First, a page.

As a general rule you are better off keeping quiet if you haven’t got anything much to say. Better to be thought a fool than open your mouth and prove it. Only, most politicians can’t help themselves. They regard any silence as a moral vacuum that needs to be filled. An affront to the natural order of things. Worse still, they believe they are actually improving the world by talking. The narcissistic delusion.
Just imagine the panic in Downing Street when word got out that Keir Starmer was planning to use the last week of recess to make a speech. The horror! The horror! The leader of the opposition having the opportunity to speak a lot of words which almost everyone will either miss or ignore, while the prime minister has nothing but dead air. The unbearable lightness of being.
So something must be done to head off the Labour leader. A room in east London booked. Preferably somewhere near where Starmer was due to speak the following day. Anything to take control of the narrative. Even if no one really had a clue what the narrative really was. This was about process not substance. Politics as performative arts. Politics at its most meta.
With the logistics sorted, all that remained was for Rishi Sunak to think of what the main thrust of his speech would be about. Anything that would make him look vaguely in control. As if he had a point, other than to just manage the inevitable decay. To fend off the free-floating feelings of futility.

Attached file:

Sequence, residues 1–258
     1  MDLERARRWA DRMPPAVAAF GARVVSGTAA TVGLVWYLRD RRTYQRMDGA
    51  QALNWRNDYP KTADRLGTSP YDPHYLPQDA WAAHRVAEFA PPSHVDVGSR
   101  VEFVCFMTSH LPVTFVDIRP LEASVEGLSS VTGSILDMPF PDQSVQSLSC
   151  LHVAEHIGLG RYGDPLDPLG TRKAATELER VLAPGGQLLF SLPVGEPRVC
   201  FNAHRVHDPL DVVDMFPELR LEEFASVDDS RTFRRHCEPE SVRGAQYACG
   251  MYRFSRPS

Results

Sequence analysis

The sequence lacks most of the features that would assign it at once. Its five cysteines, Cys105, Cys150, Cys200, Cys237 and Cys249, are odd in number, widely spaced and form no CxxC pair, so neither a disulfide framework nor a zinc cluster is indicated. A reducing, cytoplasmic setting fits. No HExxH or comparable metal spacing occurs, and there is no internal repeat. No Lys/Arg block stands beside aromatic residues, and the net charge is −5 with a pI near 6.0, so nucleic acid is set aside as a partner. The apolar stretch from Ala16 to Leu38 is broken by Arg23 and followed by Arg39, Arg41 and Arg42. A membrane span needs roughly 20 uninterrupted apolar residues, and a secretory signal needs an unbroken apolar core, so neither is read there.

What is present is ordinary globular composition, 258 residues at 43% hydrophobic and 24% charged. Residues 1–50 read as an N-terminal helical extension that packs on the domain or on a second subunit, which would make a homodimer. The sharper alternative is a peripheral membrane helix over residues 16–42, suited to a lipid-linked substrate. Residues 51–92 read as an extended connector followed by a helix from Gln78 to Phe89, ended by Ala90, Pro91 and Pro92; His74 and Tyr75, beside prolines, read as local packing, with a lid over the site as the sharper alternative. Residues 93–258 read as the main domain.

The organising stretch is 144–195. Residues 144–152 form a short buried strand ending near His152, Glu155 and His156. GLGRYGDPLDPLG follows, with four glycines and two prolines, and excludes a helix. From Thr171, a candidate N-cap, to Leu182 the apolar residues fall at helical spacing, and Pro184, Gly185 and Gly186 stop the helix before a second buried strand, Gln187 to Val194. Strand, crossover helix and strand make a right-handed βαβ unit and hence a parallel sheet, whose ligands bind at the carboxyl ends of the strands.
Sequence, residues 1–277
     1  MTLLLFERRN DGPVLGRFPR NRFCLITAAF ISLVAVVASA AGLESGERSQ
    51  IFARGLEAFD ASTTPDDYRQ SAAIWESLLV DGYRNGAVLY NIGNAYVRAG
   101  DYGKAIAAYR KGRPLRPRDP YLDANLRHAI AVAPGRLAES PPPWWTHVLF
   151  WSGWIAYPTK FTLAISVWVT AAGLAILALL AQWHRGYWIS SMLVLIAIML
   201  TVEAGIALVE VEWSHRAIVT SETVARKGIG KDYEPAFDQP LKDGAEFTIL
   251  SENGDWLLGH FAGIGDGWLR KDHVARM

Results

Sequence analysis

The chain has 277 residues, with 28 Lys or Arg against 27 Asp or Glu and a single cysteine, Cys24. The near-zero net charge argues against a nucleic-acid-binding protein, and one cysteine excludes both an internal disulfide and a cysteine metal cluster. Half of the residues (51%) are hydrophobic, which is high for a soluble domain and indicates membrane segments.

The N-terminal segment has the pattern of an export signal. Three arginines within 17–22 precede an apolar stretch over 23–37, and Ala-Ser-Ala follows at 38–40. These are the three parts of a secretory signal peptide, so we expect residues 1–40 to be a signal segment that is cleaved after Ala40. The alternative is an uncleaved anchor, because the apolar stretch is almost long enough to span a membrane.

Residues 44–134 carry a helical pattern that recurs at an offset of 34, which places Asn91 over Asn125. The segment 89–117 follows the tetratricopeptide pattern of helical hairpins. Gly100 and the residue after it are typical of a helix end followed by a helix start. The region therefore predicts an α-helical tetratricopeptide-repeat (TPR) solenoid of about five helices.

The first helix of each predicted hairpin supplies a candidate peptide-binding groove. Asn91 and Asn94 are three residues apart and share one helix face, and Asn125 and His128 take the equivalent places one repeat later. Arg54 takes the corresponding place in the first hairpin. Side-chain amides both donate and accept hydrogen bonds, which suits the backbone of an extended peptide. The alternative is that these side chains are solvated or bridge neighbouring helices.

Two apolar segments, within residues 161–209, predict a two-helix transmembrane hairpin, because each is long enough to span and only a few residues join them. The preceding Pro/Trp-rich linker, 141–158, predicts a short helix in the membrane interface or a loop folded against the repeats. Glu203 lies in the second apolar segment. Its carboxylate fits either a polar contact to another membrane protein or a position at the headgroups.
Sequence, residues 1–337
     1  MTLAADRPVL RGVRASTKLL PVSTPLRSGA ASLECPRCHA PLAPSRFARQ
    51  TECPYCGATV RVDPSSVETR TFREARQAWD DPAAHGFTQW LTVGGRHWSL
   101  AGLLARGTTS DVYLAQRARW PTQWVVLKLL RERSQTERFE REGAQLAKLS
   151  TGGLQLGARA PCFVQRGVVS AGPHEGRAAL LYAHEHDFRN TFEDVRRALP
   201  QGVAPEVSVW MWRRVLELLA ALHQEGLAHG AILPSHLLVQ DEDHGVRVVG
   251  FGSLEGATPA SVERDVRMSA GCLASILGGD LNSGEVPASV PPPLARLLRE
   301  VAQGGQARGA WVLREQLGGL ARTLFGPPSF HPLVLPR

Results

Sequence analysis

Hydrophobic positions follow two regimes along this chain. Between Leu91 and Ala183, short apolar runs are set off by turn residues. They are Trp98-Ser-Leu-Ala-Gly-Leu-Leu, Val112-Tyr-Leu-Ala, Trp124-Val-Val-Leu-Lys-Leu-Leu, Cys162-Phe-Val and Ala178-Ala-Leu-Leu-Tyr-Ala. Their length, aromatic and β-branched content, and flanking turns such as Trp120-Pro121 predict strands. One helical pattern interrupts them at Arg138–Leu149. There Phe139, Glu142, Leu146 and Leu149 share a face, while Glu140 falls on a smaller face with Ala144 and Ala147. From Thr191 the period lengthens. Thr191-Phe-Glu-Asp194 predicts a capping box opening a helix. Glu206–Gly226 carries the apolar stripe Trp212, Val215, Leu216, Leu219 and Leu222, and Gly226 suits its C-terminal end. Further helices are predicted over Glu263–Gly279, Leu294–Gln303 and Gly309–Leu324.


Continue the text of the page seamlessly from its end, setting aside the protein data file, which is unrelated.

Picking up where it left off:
Rish! sat down at his desk. New Year. Not so new him. He waited, tugging on the drawstring of his designer hoodie absent mindedly. Hoping for the Tech Bro inspiration for the nation. Nothing, nada.
He could try a reprise of his New Year message. Perhaps not. Telling people that the state couldn’t provide for everyone after a succession of Tory governments had taken a wrecking ball to it for the past 13 years hadn’t been quite the killer line he had imagined. Turned out that the UK just wasn’t that grateful for everything he had done for the country. There was no pleasing some people.
Strikes and the cost of living. Again, maybe not. He was sure that people were sick to death of hearing about them. And it wasn’t as if the government had any responsibility for sorting them out. They were just one of those things. Everyone knew the government had fully funded the NHS before nurses and paramedics had chosen to walk out for the first time in their history. That’s why waiting times in A&E had been reduced to a matter of minutes. Hundreds, if not thousands, of minutes. Yet another Brexit bonus. Just as Vote Leave had promised.
Then it came – extra maths lessons for everyone up to the age of 18! The one topic that had been on everyone’s lips over Christmas. You couldn’t walk round London or Birmingham without hearing someone stumbling over their eight times table. All those people being without the necessary numeracy skills to realise just how broke they were, or to switch off their heating before their homes were repossessed. Thanks to him, the country could experience its own bankruptcy in real time.